Oct. 16 (Bloomberg) -- Natural gas futures dropped in New York on speculation that mild U.S. weather has bolstered supply gains and as prices near a four-month high prompted some traders to sell contracts.
Gas fell 0.6 percent as inventories may have expanded by 80 billion cubic feet last week, based on the median of 13 analyst estimates compiled by Bloomberg. The five-year average gain for the period is 75 billion, according to the Energy Information Administration, which has suspended its weekly supply reports because of the government shutdown. Prices jumped 2.1 percent in earlier trading on forecasts for colder U.S. weather.
“This rally essentially started about two months ago and we haven’t had that correction that we were looking for, so it’s a technical move,” said John Woods, president of JJ Woods Associates and a Nymex floor trader. “We still have a nice little supply left and it can carry us for the next couple of weeks.”
Natural gas for November delivery fell 2.1 cents to settle at $3.769 per million British thermal units on the New York Mercantile Exchange after rising to $3.869, the highest intraday price since June 21. Trading volume was 29 percent above the 100-day average at 3:03 p.m. Prices have advanced 12 percent this year.
The discount of November to December futures narrowed 0.9 cent to 13.6 cents. November gas traded 22.5 cents below the January contract, compared with 23.7 cents yesterday.
November $3.80 puts were the most active options in electronic trading. They were 1.2 cents higher at 10.8 cents per million Btu on volume of 770 at 4 p.m. Puts accounted for 53 percent of trading volume. Implied volatility for November at-the-money options was 31.43 percent at 3:45 p.m., compared with 31.75 percent yesterday.
Bank of America Corp. cut its fourth-quarter gas forecast to $3.80 from $4.30 as “production is set to bounce back strongly in coming weeks,” while residential and commercial demand will decline after exceptionally cold weather during the last heating season, Sabine Schels, an analyst for Bank of American Corp. in London, said in a note to clients today.
“The current rally will top out quickly as we see little potential for near-dated prices to trade much above $4,” assuming the latest cold front doesn’t linger, Schels said. Gas output may grow 1.9 billion cubic feet a day during this year’s heating season versus a year earlier, according to the report.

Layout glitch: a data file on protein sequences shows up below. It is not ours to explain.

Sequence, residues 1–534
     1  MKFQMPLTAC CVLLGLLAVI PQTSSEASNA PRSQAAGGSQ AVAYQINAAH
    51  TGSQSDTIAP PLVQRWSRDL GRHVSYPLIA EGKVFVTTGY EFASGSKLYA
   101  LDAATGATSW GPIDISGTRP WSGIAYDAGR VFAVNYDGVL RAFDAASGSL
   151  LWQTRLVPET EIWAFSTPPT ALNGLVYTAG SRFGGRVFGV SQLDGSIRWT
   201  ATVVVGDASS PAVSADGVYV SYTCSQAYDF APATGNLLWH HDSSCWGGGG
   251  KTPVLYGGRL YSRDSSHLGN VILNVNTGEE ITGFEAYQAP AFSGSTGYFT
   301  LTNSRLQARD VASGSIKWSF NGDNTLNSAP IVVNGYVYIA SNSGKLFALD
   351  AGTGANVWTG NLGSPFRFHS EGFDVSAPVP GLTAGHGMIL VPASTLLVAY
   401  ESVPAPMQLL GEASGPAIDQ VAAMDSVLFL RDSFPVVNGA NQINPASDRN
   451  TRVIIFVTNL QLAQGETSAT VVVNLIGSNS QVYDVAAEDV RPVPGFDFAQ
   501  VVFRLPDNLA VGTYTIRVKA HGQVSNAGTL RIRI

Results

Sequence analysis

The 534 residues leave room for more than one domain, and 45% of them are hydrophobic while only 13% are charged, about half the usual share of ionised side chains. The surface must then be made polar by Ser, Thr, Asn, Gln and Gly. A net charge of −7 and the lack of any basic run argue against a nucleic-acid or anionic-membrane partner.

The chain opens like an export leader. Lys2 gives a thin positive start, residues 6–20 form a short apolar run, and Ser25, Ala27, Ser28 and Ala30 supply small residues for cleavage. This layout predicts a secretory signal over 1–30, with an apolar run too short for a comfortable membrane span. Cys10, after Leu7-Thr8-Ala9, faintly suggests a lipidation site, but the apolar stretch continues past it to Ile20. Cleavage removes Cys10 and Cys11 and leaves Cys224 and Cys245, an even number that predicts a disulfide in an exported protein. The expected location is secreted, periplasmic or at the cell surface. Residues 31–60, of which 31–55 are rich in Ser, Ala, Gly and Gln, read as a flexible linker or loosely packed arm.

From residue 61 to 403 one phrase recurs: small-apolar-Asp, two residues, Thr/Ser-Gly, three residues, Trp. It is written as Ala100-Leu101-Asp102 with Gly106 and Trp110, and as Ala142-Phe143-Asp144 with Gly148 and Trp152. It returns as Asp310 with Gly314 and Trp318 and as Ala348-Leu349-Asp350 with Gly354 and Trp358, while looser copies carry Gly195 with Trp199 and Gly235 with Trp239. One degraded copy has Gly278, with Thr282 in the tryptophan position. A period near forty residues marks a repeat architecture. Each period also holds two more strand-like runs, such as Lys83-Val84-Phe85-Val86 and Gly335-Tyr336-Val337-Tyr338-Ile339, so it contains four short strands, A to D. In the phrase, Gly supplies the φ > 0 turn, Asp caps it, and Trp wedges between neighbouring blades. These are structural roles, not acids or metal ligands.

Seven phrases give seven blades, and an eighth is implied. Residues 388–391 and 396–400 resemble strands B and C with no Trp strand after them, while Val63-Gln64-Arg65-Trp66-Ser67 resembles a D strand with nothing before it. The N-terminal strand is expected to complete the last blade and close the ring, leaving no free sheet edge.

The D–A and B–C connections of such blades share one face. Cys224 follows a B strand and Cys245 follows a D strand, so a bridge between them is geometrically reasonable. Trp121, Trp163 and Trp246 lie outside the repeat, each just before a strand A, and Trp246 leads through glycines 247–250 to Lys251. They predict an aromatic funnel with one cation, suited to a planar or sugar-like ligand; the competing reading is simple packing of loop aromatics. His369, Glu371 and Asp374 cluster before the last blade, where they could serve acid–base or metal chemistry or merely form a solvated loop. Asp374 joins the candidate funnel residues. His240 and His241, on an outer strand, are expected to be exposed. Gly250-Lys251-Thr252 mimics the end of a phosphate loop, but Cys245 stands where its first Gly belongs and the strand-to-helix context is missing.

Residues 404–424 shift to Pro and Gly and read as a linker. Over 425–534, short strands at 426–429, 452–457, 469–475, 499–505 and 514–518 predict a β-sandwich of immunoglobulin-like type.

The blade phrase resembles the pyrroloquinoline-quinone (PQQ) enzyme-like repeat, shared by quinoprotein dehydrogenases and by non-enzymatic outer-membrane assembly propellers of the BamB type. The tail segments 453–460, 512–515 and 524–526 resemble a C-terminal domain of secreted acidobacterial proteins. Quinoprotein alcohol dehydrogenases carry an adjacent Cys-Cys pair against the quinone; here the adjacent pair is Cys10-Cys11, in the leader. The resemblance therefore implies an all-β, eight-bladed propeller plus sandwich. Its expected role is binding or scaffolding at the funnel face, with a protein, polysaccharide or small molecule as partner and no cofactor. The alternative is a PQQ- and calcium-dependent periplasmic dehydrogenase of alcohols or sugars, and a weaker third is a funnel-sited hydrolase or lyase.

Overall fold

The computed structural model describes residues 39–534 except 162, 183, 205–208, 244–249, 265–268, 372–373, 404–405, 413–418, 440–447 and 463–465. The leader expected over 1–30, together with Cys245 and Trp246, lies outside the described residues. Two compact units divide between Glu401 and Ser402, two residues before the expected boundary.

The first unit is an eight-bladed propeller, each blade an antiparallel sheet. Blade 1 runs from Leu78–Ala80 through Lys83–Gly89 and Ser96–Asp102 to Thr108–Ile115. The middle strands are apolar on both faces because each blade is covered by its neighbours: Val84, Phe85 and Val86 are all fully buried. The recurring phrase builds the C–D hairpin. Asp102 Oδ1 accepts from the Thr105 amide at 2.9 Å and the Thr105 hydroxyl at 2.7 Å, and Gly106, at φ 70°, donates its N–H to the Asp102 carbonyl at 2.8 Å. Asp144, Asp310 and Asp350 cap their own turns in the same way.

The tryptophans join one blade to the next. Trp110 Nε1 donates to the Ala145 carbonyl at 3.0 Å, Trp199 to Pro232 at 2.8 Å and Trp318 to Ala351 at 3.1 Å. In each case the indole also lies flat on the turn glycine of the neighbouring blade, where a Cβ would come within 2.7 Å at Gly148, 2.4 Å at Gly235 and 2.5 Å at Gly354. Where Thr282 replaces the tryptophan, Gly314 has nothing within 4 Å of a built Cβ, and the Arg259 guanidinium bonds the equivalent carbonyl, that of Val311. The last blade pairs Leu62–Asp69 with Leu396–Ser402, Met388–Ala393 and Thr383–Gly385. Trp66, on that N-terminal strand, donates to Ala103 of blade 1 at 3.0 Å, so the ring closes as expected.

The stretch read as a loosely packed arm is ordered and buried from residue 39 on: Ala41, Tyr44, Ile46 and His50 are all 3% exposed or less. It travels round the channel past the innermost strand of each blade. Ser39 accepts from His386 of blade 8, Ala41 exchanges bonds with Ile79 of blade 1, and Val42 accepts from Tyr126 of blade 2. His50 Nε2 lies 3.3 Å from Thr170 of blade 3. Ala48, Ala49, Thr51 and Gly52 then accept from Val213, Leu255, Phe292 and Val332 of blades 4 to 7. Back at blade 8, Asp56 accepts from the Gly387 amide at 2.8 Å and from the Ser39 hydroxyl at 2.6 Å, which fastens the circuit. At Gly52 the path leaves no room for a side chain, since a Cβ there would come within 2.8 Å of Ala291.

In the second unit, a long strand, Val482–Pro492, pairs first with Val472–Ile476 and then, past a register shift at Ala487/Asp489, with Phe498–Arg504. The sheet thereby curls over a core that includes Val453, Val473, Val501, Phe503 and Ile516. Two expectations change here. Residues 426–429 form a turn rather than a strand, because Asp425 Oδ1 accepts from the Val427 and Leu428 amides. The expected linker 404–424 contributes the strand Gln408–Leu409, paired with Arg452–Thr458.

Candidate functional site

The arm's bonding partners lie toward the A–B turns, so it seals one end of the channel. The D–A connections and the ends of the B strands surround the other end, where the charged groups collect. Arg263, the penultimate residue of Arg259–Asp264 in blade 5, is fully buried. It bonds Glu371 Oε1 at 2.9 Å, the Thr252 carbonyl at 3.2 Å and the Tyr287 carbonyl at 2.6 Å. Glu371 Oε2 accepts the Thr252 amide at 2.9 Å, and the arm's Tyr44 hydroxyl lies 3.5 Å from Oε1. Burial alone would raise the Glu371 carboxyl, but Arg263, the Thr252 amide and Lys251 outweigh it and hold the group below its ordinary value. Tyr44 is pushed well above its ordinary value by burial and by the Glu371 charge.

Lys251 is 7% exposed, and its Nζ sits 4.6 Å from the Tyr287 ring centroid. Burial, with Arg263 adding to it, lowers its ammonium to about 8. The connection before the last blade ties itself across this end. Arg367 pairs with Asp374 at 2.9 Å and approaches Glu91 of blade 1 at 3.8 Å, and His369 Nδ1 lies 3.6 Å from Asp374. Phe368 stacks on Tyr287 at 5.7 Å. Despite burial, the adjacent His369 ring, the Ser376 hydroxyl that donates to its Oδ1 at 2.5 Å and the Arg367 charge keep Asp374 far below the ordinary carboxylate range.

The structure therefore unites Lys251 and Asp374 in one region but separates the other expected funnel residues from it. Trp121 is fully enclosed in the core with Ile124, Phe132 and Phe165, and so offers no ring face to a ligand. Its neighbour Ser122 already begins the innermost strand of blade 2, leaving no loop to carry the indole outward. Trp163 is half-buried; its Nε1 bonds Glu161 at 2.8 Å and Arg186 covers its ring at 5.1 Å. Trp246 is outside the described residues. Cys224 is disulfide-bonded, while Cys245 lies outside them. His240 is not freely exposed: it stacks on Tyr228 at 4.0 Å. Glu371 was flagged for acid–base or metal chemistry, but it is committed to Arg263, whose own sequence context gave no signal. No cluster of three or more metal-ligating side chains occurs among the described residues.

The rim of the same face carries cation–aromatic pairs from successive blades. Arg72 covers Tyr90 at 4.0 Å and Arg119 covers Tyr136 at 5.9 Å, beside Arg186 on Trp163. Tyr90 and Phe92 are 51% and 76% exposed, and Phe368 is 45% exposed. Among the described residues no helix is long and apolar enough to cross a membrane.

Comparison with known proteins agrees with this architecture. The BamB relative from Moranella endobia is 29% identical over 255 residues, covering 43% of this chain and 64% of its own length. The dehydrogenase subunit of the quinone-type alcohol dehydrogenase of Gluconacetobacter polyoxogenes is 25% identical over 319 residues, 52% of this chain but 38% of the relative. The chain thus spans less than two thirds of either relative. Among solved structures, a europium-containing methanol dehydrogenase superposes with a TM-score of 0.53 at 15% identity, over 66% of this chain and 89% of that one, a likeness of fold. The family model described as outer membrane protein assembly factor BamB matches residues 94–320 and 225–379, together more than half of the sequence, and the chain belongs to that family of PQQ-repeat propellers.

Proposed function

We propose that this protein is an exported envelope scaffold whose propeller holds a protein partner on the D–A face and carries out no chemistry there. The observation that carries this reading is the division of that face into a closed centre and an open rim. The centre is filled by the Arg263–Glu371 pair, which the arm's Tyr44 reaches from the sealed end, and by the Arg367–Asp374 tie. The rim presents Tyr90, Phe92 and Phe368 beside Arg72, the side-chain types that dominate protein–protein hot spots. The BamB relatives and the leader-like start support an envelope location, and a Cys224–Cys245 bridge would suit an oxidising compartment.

Forecasts turned colder in weather models through the end of the month, with the strongest surge in the Midwest to the Ohio valley next week, said MDA in Gaithersburg, Maryland.
The low temperature in Chicago on Oct. 23 will drop to 29 degrees Fahrenheit (minus 2 Celsius), 15 below normal, and will linger at those lows for a week, according to AccuWeather Inc. in State College, Pennsylvania. New York City’s low on Oct. 23 may be 37 degrees, 11 lower than average, and Dallas will drop 13 below normal at 43 degrees.
The cold push at the end of October is probably worth 40 billion to 50 billion cubic feet of extra gas demand, said Brison Bickerton, head of strategy at Freepoint Commodities LLC in Stamford, Connecticut. Expectations for stockpile builds in the first couple of weeks of November “are not likely to materialize if this cold weather pattern holds,” he said.
About 49 percent of U.S. households use gas for heating while 39 percent use electricity, according to the EIA, the statistical arm of the Energy Department.
Stockpiles totaled 3.577 trillion cubic feet in the week ended Oct. 4, 1.6 percent above the five-year average for the seven days, the EIA said last week. Estimates for last week’s supply gain ranged from 72 billion to 90 billion cubic feet.
Production will average 70 billion cubic feet a day in 2013, up 1.2 percent from a record 69.18 billion last year, the EIA said in its Oct. 8 monthly Short-Term Energy Outlook.
The U.S. produced 87 percent of its own energy in the first six months of this year, on pace to be the highest annual rate since 1986, EIA data show.
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